This raises one of many questions school leaders need to confront. Are we trying to make technology conform to our 20th-century schools, or are we trying to transform our 20th-century schools to better prepare our students for success in the 21st century’s technology/information-based society in which they will live and work?
[Page xvi]The authors have a rich history in helping their colleagues address difficult issues such as these. Therefore, their suggestions in this book are not theoretical; they are proven strategies. From creating an environment that will have such thoughtful and soul-searching conversations to developing a vision-driven culture to frame the discussion, the authors provide great insights and also very practical strategies.
As the authors so nicely lay out, fearless conversations can only be productive when they are thoughtfully planned and executed.
Having personally watched the authors successfully lead their schools, it is a pleasure to now see them helping existing and aspiring school leaders to also benefit from their experiences and insights.Founder and Chairman of the International Center for Leadership in Education
Corwin gratefully acknowledges the contributions of the following reviewers:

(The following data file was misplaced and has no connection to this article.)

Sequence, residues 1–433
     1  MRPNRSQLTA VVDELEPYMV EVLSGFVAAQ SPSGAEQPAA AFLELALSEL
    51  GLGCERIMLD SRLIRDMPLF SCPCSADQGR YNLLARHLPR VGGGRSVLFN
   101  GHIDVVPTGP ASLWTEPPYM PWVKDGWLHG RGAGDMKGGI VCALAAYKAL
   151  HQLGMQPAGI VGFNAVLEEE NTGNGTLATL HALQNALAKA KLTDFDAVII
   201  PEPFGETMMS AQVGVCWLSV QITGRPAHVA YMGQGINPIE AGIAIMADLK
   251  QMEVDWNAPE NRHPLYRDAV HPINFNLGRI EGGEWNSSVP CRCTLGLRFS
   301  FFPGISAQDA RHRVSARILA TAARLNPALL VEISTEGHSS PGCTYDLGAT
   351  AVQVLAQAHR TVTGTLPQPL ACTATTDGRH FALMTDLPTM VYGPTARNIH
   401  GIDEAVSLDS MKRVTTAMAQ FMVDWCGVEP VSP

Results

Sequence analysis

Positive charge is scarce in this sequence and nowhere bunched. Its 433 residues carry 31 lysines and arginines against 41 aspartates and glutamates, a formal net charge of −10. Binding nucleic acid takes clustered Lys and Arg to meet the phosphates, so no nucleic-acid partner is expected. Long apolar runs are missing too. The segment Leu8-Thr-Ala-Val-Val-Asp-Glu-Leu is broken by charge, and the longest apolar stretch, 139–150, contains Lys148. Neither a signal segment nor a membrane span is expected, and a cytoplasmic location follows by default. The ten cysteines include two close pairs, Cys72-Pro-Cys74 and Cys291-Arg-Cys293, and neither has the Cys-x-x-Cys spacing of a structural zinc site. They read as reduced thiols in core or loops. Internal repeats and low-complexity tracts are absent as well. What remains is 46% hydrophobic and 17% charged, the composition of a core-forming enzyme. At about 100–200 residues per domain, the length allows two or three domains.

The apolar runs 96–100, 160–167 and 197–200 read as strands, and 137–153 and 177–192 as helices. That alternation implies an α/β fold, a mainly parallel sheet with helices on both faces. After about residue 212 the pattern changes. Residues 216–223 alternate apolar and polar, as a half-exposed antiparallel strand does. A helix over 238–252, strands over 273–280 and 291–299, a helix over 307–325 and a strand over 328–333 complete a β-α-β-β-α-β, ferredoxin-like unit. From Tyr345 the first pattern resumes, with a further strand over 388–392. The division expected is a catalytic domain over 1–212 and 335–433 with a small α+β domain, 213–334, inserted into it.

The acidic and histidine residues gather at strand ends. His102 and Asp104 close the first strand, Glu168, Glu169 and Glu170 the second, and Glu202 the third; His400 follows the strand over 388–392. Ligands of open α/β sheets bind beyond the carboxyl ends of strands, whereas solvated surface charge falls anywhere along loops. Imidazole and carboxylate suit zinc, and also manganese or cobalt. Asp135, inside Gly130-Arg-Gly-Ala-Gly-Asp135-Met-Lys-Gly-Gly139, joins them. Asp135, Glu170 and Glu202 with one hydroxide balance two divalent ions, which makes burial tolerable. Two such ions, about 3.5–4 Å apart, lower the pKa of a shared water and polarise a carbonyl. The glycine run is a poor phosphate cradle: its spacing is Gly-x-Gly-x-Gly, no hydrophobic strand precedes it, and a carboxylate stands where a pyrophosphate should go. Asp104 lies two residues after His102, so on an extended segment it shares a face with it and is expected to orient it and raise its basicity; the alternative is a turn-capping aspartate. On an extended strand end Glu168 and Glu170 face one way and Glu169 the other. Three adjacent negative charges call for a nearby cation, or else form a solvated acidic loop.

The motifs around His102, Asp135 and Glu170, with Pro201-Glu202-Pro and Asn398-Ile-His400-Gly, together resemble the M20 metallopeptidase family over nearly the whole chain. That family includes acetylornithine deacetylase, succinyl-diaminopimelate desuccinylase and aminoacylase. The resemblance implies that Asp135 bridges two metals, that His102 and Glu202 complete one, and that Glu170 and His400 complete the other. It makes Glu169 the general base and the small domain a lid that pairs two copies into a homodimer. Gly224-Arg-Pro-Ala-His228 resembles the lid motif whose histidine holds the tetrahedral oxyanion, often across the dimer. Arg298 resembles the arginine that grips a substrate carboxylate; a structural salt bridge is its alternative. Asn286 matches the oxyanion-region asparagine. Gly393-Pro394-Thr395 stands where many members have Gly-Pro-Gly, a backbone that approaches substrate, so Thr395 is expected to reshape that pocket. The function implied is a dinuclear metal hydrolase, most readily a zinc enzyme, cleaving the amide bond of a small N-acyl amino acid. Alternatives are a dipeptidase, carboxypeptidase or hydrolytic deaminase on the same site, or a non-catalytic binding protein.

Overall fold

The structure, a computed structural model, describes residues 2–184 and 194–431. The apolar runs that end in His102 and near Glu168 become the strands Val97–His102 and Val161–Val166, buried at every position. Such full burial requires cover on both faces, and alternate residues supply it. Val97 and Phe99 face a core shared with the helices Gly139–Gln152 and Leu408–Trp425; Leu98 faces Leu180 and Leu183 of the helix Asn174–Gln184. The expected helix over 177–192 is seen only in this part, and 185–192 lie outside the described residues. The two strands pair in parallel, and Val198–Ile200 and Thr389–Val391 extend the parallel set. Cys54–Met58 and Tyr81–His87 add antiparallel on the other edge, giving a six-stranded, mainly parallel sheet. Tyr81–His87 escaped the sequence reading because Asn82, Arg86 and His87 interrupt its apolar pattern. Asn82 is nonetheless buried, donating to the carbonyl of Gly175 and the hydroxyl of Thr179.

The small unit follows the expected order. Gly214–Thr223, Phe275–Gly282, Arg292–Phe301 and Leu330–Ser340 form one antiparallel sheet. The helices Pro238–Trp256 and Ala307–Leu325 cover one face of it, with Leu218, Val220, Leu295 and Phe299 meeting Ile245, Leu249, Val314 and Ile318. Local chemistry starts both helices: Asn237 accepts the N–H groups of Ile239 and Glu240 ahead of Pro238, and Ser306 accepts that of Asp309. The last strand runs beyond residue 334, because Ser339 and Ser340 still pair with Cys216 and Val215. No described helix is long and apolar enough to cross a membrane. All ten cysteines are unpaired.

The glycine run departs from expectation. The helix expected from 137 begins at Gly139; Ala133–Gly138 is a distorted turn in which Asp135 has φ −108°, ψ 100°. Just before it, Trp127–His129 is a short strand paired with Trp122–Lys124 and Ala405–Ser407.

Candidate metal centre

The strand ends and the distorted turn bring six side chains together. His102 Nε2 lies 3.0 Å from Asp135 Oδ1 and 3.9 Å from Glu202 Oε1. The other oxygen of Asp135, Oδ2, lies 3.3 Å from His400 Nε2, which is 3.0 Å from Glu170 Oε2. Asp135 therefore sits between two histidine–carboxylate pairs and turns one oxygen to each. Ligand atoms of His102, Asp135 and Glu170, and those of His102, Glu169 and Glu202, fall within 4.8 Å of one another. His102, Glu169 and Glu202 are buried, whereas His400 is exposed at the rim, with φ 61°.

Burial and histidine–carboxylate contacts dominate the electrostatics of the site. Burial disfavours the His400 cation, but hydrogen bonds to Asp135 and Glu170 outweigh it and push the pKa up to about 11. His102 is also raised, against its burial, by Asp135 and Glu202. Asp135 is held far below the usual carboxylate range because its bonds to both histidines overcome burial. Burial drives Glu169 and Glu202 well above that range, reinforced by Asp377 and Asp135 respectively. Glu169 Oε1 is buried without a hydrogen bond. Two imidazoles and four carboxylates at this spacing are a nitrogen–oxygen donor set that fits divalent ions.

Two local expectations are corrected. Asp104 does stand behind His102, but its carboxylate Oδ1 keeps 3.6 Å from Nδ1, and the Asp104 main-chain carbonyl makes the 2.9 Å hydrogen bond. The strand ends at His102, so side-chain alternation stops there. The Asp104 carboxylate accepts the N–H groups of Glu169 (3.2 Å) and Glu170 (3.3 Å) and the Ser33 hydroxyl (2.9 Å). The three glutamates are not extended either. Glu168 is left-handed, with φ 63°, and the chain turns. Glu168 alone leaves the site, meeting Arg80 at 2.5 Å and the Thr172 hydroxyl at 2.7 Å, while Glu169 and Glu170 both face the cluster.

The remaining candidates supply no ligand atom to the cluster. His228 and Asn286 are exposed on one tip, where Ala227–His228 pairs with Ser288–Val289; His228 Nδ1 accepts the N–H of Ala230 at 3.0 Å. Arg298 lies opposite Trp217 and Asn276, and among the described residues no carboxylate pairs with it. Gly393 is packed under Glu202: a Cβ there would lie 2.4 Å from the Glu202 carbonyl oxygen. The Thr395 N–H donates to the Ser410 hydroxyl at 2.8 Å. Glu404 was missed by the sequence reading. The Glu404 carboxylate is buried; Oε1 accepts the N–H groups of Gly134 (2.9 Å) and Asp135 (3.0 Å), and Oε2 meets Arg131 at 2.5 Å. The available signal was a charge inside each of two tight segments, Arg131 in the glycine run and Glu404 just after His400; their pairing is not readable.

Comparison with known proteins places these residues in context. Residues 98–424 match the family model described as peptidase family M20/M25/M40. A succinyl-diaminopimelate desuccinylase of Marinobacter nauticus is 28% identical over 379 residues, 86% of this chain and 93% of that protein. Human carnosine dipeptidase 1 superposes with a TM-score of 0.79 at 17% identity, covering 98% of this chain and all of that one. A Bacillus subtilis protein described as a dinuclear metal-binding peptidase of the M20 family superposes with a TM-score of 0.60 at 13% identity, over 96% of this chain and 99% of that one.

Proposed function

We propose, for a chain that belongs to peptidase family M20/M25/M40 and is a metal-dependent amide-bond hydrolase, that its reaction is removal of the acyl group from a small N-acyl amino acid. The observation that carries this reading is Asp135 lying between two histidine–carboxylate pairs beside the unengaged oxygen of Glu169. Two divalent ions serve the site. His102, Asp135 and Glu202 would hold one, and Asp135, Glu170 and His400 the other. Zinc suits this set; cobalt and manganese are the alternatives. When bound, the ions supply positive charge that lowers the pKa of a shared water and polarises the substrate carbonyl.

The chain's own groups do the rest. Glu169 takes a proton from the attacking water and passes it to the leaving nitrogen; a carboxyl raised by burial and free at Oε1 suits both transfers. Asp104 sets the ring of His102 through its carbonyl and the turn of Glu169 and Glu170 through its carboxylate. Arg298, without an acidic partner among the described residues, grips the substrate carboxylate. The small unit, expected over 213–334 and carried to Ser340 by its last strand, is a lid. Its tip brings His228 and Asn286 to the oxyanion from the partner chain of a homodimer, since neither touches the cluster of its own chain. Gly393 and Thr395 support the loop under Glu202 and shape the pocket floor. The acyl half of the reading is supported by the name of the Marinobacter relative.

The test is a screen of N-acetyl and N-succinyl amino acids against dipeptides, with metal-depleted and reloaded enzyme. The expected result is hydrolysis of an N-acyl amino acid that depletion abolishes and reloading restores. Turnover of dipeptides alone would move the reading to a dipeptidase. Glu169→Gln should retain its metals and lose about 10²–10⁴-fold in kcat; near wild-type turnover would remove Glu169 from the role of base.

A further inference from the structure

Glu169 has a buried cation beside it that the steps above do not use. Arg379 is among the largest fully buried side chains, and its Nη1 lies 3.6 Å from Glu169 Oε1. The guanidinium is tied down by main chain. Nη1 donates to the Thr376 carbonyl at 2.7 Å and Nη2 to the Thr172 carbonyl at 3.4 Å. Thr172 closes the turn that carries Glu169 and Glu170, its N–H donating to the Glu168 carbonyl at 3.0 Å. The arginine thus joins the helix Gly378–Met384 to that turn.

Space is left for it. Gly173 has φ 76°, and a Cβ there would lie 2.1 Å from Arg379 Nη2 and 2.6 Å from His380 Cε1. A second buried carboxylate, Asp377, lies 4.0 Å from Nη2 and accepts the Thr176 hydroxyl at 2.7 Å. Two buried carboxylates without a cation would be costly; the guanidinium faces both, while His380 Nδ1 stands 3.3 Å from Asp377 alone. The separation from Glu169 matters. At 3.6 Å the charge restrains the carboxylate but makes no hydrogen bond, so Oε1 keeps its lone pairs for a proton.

Mary K. Culver, Clinical Professor, K–12 Educational Leadership
Bill Daggett, Founder and Chairman
International Center for Leadership in Education
Rexford, New York
Dr. Rich Hall, Director of Elementary Education
Henrico County Public Schools
Kathryn Jones, Clinical Instructor in Educational Leadership
Scott A. Miller, Middle School Educator
The American School of Kinshasa
Kinshasa, Democratic Republic of Congo
Melinda Whittle, High School Vice Principal
Arizona Preparatory Academy
Phoenix, Arizona[Page xviii]
About the Authors
[Page 169]Appendix ADaggett System for Effective Instruction Questionnaire
- : Daggett System for Effective Instruction Questionnaire
- : An Invitation to Our Readers[Page 168]
Please complete the following readiness rubric as a team to effectively understand where your school or district is in terms of readiness to effectively act as a system to improve instruction.
It is important to first complete this rubric as a team and then move to creating action plans based on the three segments of the Daggett System of Effective Instruction (DSEI). The action plans are provided and should be completed collaboratively based on the highest-need practice areas for each of the segments.
If you need to refer to the DSEI white paper or element descriptors, you may access them at DSEI white paper (www.leadered.com/our-philosophy/dsei/questionnaire).KEY: Best Practices Descriptors
Organizational Leadership Questionnaire
- Firmly Established: The practice is long-standing, is deeply embedded in the district or school culture, and is embraced as a priority by all stakeholders.